The Puppy Puzzle

Sorry breeders — this isn’t a blog on how to test puppies for their agility or obedience or conformation potential. THis is about the issue of litters of puppies arriving at the shelter, and what we should do with them.

Our shelter has, in the last week, received a dozen-or-so litters of puppies from folks who don’t understand that a bitch in heat needs to be kept indoors or confined. With almost all of them the litter came as a complete surprise. Their failure to spay their dog was a result of lack-of-funds or laziness.  All were mixed breeds, with both the father and mother being of unknown heritage.

A week ago some folks were observing a litter of puppies and their young son was showing interest in a little brown-and-white pup. A shelter employee popped up and said, “those pups are going to rescue so they’re not available.” It was a little irritating to me that our local citizens were being kept away from puppies, that their only choices were a unch of 9-month-old (or older) dogs, and that all the puppies coming into our place got shipped off to shelters and rescue groups operating in parts of the country where mandatory spay/neuter laws meant they had a limited number of puppies available to adopters.

My first reaction, spoken only to myself, was “the citizens of Marietta and Washington County, who are supplying the funds for this shelter, should have an opportunity to adopt these puppies.”

Today we received 3 more litters of puppies. I watched folks picking them up, watched the pups peeing and pooping all over the shelter floor (viewing this, by the way, goes a long way to fortify my immunity to puppies — they’re just not as fascinating to me as they should be), and observed one elderly fellow observing the youngest litter of sheltie mixes.

He started telling me about his puppies … “their eyes aren’t even open yet” … “I have miniature rat terrier mixes” … “if I have left over puppies I get rid of them in Newark” and – after advising him to clean his clothes and shoes before getting in with his little puppies – decided to dig for a little more information.

Turns out this fellow has a smallish bitch he breeds at every possible opportunity to whatever dog shows up when she comes in heat. “She needs to make back the cost of her dog food!” he admonished. When he has puppies it’s not a problem because he takes them to the Petland in Newark. In our neck of the woods Petland is about the only pet store still offering dogs and cats for sale — most are working with their local shelters to adopt out pets.

I counted to 10 — twice — and then couldn’t stop myself. I first told him that 3-4 million dogs are euthanized each year because there aren’t enough homes for them. And that up to 50% of the dogs purchased at pet stores end up in shelters because they’re rejected impulse purchases. I shared with him that none of the dogs at our shelter would be adopted without being spayed or neutered.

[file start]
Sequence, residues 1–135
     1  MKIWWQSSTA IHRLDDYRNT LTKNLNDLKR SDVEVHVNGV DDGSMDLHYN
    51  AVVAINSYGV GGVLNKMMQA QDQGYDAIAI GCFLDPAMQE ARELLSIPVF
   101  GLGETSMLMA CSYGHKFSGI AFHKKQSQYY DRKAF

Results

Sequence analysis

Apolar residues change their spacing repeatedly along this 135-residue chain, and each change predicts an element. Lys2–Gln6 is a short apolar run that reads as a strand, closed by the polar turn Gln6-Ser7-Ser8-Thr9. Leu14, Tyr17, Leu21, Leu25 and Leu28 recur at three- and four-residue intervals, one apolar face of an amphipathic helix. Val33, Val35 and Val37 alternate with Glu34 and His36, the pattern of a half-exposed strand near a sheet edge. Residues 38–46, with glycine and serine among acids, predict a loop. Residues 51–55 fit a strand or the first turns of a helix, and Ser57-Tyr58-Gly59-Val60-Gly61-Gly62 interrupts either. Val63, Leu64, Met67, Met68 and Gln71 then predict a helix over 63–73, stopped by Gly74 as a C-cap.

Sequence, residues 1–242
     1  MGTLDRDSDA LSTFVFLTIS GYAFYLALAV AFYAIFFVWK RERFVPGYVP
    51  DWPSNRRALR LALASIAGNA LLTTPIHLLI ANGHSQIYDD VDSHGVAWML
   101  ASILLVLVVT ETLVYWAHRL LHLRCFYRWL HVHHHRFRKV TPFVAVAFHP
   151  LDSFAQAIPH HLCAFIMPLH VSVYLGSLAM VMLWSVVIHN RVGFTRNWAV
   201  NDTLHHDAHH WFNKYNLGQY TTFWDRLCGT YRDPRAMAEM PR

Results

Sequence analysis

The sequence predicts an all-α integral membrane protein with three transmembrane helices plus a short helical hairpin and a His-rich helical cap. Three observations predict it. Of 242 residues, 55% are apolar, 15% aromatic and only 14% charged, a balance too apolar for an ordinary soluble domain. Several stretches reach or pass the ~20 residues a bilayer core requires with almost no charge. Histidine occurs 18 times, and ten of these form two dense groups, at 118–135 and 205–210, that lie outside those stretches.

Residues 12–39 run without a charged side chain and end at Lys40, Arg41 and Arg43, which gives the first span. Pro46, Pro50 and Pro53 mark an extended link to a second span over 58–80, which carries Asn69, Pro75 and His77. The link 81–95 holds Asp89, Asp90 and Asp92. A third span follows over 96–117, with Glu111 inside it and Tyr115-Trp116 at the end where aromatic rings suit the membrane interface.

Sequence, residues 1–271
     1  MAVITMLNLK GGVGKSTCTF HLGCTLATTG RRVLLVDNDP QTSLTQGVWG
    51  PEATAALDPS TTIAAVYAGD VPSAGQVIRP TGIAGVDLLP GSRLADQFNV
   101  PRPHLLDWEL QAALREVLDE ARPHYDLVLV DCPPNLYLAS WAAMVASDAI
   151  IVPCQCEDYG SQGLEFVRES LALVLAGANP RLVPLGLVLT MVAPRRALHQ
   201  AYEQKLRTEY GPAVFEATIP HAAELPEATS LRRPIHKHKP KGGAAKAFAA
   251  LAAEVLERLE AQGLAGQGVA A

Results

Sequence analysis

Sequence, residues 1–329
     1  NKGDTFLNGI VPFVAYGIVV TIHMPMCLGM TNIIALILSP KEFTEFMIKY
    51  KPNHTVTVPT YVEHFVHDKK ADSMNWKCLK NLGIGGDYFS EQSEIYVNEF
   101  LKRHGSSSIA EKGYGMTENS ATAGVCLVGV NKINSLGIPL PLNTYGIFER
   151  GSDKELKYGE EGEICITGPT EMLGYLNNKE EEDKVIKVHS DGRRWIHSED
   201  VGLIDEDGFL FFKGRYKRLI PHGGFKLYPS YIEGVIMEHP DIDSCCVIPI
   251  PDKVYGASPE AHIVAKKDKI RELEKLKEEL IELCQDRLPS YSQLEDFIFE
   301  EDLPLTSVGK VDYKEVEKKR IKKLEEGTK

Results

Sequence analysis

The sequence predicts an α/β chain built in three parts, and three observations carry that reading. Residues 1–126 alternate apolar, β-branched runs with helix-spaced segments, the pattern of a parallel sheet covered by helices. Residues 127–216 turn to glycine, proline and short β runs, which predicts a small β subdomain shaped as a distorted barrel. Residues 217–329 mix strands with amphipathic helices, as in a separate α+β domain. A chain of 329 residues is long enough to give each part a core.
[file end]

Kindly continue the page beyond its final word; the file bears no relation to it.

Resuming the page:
One has to ask oneself why this fellow was standing, looking at the litter of little puppies. I figure he was looking for his next brood bitch in that bunch of 8-week-old sheltie mixes. So I said to myself, “I sure hope these litters of puppies go to parts of the country with mandatory spay/neuter laws and don’t get adopted by some guy who runs a 1-dog puppymill.

So there you go — maybe our local adopters need education more than they need puppies.

The good news is that I welcomed a new SMART team member today — Angie — and we worked with a few dogs. We got out a few of the dogs I trained yesterday and they all showed improved people skills.

Then we got Callie out of her kennel and had time to really work with her, getting her to relax and re-connect with people. She really liked Angie and ended up lying down on the floor next to her. Some potential adopters were stepping around her to get into the dog room and saw how connected Callie was to Angie.

Within 30 minutes Callie was going to her forever home. We’ll never know if it was this little bit of training that made her more attractive, or if she was just the type dog this woman was wanting, but Angie and I had a great cheer and hug when we heard of Callie’s good fortune.

There’s no surprise that shelter staff get burned out, and that folks argue endlessly over mandatory spay/neuter laws. If conflict can exist in me, imagine how much conflict can exist in the population. Bud remains too soft-hearted for shelter work. I’m learning a lot and am more and more convinced this is a great place for my talents.

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